Silicon Valley venture firm Andreessen Horowitz is launching a second fund that will focus on biology, investing $450 million. This one, building on the experience a16z has had with its first biofund, which launched in 2015 with $200 million, will focus on the intersection of biology and engineering. The fund will focus on investing in companies applying engineering to things like drug discovery, creating new uses for biology, and finding new ways for software to "eat" healthcare. The venture capital firm with a tagline that "software is eating the world" thinks the same could happen with biology. On Thursday, Andreessen Horowitz launched its second bio-focused fund to invest $450 million
Data from NASA’s Kepler space telescope has been crunched using Artificial Intelligence, helping scientists discover a new planet outside our solar system. Experts harnessed machine learning technology from Google to spot Kepler-90i, a hot, rocky planet circling Kepler-90, a Sun-like star 2,545 light years from Earth. A light year, which measures distance in space, equals 6 trillion miles. The surface of Kepler-90i is 800 degrees Fahrenheit, making it unlikely that life as we know it could exist there, according to NASA. By using AI, computers learned to identify planets by trawling Kepler data for instances where the telescope recorded signals from exoplanets far beyond our solar system. The
Earlier this week, a team of astronomers announced that they would be using radio telescopes to study 'Oumuamua, currently considered the first known asteroid to visit us from another solar system. Radio signals emanating from the object could not occur naturally, so if the analysis picks up any sign of such signals, it would suggest that the object is in fact unnatural, a probe sent to us by an alien civilization communicating with its creators. If they do see any signal, that's an immediate sign that something weird is happening. "There should never be a fluke," Avi Loeb, an astronomer at Harvard University who suggested (and is working on) the new observations, told Newsweek.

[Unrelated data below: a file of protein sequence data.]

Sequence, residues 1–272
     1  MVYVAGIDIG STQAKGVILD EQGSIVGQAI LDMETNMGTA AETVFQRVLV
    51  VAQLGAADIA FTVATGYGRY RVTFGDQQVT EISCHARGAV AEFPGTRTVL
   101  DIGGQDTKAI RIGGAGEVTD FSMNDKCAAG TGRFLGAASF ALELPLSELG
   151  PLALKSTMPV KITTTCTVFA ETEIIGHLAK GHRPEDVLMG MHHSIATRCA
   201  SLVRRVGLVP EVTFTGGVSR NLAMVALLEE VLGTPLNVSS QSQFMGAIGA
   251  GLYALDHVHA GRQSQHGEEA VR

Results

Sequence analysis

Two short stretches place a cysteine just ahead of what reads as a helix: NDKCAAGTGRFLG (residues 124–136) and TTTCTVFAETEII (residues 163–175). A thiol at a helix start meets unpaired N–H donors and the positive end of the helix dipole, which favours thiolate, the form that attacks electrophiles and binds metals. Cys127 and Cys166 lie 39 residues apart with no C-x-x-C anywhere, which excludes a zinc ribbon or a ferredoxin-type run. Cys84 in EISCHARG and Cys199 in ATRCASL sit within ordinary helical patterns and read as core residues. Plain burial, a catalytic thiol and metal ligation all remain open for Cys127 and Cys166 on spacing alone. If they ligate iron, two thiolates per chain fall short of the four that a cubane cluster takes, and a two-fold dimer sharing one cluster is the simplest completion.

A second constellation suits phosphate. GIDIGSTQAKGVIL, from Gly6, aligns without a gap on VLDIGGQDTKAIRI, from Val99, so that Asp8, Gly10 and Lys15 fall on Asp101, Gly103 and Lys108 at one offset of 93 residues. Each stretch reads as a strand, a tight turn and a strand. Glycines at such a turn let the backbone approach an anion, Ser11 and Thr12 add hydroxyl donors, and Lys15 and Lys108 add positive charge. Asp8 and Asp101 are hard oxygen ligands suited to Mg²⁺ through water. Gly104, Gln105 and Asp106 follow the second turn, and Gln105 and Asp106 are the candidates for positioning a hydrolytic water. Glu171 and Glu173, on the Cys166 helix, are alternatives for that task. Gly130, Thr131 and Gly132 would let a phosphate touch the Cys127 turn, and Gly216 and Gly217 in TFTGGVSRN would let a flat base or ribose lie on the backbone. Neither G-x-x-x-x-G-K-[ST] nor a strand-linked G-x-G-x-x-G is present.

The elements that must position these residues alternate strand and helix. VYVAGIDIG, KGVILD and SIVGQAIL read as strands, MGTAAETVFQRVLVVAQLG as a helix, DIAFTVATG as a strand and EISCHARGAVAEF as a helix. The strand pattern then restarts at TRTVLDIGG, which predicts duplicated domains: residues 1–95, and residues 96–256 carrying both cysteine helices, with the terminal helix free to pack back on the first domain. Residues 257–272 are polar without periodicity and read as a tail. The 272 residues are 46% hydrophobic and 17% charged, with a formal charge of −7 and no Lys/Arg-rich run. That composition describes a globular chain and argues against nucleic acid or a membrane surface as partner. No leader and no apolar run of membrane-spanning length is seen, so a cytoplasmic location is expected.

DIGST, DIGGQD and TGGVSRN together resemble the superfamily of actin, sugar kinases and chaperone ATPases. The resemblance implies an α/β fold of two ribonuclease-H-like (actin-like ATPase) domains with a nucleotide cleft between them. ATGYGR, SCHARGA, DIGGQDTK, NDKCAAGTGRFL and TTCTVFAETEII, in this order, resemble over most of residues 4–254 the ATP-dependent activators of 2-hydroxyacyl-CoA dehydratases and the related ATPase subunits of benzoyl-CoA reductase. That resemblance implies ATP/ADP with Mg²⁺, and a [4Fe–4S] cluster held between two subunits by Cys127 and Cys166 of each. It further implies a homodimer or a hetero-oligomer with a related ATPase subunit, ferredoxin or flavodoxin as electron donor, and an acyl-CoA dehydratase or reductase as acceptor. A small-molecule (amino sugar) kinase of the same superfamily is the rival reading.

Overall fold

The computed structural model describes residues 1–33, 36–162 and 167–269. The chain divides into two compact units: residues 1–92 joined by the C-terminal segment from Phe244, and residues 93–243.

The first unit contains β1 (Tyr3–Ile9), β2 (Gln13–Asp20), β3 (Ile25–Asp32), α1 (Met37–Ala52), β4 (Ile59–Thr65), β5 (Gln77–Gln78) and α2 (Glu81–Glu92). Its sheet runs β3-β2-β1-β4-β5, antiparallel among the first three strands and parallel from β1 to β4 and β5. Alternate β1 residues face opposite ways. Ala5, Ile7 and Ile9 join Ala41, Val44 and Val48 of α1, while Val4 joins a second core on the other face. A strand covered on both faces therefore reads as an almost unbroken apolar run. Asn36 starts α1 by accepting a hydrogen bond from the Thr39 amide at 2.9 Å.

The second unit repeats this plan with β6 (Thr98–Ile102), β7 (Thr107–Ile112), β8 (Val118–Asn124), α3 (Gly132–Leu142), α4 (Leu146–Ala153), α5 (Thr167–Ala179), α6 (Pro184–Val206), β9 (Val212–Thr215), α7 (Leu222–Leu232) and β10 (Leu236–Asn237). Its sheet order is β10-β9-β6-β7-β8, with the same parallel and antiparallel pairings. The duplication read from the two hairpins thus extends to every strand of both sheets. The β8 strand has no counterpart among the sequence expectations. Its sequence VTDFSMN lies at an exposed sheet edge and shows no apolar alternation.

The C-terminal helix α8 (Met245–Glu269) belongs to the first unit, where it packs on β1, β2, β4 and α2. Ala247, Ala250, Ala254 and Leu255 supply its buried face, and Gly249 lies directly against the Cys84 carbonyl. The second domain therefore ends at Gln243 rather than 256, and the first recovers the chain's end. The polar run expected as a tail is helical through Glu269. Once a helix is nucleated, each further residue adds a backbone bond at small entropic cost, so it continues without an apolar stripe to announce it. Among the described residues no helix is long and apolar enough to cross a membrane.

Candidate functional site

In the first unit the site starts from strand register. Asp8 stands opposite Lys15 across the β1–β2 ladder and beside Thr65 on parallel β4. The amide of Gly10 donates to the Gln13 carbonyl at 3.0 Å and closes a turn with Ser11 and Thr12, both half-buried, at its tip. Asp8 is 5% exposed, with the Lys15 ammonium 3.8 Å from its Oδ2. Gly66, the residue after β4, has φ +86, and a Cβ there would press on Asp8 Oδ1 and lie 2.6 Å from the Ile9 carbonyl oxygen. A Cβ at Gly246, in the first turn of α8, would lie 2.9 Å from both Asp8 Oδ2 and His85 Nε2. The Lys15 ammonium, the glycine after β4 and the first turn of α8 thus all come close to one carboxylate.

A new Trump administration effort could prevent the spouses of highly skilled foreign workers from working legally in the U.S., according to a new statement from the Department of Homeland Security cited by CNN. The plan concerns the spouses of those foreign nationals who hold H-1B visas, which go to individuals with jobs that require a “theoretical and practical application of a body of highly specialized knowledge.” In February 2015, the Obama administration decreed that such spouses could legally find work while in the U.S. in an effort to “reduce the economic burdens and personal stresses” of immigrants. According to CNN, the Department of Homeland Security offered little context for its decision to reverse the Obama-era rule, citing only the new administration’s “America first” emphasis on immigration policy.